The old saying “you had to be there” doesn’t hold water anymore, thanks to new technology. Take, for example, a shoot we did in our Horizons Companies studio last week for the BBC (yes, that BBC). The network wanted to interview an astronomer at The Ohio State University for an upcoming special on extraterrestrial life. But sending the director to Columbus – or the astronomer to England – costs $$$ (not to mention the COVID risks, and time commitments, and…well, you get it). So using something called “eye direct“, the director in London could direct the interviewee in Columbus, Ohio in real time – and they could look at each other face to face. Wow.
And speaking of “Wow!” – that’s what brought the two together in the first place. Back in 1977, when astronomer Jerry Ehmen was reviewing radio signals collected from outer space by Ohio State’s Big Ear telescope, he saw a highly unusual radio signal coming from the area of the constellation Sagittarius, which – to this day – remains “the strongest candidate for an alien radio transmission ever detected”. On the telescope printout that fateful day, Ehmen just wrote Wow! next to the transmission, and it’s been called the Wow! Signal ever since.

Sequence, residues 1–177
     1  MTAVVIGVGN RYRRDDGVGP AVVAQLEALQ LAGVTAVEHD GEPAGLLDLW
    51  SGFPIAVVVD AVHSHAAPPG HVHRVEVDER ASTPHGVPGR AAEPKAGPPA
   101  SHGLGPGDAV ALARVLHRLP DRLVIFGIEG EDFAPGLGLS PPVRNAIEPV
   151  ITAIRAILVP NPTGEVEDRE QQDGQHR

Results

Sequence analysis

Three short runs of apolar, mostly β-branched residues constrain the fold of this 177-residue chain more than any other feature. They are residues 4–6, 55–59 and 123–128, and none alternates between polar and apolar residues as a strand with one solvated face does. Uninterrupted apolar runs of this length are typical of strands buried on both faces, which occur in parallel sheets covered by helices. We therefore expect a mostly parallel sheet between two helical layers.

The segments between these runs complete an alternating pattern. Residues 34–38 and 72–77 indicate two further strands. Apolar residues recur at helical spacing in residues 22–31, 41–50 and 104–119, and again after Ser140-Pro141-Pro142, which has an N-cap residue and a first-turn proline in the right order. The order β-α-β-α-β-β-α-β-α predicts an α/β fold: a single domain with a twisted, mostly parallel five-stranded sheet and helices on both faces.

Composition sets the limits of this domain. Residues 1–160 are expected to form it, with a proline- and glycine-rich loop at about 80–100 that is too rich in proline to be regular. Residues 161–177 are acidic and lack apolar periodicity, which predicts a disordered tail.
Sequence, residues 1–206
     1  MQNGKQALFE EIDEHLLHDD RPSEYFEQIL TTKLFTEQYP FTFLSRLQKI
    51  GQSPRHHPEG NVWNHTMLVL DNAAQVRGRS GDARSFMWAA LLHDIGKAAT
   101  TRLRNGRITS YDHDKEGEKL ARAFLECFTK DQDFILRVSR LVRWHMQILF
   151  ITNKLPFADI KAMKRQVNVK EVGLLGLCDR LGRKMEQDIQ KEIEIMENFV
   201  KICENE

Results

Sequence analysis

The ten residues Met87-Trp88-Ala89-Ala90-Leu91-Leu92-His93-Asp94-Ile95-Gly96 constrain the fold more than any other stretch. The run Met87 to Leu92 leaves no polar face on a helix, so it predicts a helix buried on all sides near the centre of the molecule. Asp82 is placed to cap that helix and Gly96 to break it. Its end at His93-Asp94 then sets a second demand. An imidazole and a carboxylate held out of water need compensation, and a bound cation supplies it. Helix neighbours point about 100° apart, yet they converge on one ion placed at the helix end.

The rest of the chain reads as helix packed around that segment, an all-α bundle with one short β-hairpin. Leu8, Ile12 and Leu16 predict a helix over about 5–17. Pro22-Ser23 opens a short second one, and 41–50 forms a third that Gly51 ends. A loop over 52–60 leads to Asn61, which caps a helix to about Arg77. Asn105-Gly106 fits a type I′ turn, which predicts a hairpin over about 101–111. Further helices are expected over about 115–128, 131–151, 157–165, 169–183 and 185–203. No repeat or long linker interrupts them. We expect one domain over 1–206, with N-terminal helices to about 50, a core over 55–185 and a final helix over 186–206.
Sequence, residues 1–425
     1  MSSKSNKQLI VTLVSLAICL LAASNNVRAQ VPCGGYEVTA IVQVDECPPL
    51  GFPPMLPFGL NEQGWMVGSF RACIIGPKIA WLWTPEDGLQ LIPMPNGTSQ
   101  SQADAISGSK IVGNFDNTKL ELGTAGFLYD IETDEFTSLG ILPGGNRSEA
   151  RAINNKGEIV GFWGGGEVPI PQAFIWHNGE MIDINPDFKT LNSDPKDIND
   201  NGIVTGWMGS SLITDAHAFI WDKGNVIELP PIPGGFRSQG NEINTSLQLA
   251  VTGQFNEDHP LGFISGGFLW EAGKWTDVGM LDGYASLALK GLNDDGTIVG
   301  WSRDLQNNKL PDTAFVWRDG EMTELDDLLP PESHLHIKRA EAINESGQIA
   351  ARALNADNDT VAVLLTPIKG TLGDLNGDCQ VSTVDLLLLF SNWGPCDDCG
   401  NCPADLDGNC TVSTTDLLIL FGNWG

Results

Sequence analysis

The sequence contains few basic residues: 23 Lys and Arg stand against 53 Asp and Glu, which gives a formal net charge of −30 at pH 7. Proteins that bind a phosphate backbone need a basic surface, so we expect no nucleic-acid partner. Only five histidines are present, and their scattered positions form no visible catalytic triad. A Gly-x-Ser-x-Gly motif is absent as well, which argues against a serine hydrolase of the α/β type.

And speaking of the “Beeb”…this is far from the first encounter that Horizons president Don Lee has had with the network. He has participated in a variety of BBC shoots, including ones for documentaries involving a man who was walking around the world, a man who created a water powered car, and a war photographer who lost his arm in a battle and turned his residual limb into a tripod mount so he could continue his vocational passion.
Wow, wow and wow. Great tech, alien communication, and an internationally reputed production dude – all in one news release. And if you’re reading this, aliens…we hear ya.